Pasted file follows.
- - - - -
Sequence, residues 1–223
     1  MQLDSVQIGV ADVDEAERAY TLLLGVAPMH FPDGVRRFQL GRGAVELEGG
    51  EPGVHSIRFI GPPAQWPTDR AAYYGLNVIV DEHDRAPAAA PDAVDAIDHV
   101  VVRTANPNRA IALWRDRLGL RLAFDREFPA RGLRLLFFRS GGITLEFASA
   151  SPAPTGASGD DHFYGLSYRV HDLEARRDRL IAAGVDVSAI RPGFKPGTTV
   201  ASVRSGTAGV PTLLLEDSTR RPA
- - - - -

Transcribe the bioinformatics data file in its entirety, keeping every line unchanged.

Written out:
Sequence, residues 1–223
     1  MQLDSVQIGV ADVDEAERAY TLLLGVAPMH FPDGVRRFQL GRGAVELEGG
    51  EPGVHSIRFI GPPAQWPTDR AAYYGLNVIV DEHDRAPAAA PDAVDAIDHV
   101  VVRTANPNRA IALWRDRLGL RLAFDREFPA RGLRLLFFRS GGITLEFASA
   151  SPAPTGASGD DHFYGLSYRV HDLEARRDRL IAAGVDVSAI RPGFKPGTTV
   201  ASVRSGTAGV PTLLLEDSTR RPA